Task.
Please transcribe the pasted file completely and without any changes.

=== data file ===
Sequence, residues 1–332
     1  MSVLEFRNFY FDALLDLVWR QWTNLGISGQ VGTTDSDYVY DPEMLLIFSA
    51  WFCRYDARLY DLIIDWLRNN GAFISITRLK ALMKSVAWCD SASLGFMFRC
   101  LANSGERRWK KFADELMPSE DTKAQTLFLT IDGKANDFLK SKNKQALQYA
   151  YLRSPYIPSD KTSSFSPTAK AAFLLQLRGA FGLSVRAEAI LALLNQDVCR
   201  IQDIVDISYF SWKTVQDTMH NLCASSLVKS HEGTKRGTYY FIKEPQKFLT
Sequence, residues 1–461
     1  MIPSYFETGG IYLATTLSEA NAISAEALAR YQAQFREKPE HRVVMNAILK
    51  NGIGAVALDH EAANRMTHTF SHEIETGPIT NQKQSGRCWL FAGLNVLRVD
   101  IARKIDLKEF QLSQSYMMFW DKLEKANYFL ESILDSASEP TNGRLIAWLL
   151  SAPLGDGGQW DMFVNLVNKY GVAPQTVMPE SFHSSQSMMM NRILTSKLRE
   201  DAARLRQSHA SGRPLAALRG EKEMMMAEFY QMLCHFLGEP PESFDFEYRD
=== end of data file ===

Sequence, residues 1–332
     1  MSVLEFRNFY FDALLDLVWR QWTNLGISGQ VGTTDSDYVY DPEMLLIFSA
    51  WFCRYDARLY DLIIDWLRNN GAFISITRLK ALMKSVAWCD SASLGFMFRC
   101  LANSGERRWK KFADELMPSE DTKAQTLFLT IDGKANDFLK SKNKQALQYA
   151  YLRSPYIPSD KTSSFSPTAK AAFLLQLRGA FGLSVRAEAI LALLNQDVCR
   201  IQDIVDISYF SWKTVQDTMH NLCASSLVKS HEGTKRGTYY FIKEPQKFLT
Sequence, residues 1–461
     1  MIPSYFETGG IYLATTLSEA NAISAEALAR YQAQFREKPE HRVVMNAILK
    51  NGIGAVALDH EAANRMTHTF SHEIETGPIT NQKQSGRCWL FAGLNVLRVD
   101  IARKIDLKEF QLSQSYMMFW DKLEKANYFL ESILDSASEP TNGRLIAWLL
   151  SAPLGDGGQW DMFVNLVNKY GVAPQTVMPE SFHSSQSMMM NRILTSKLRE
   201  DAARLRQSHA SGRPLAALRG EKEMMMAEFY QMLCHFLGEP PESFDFEYRD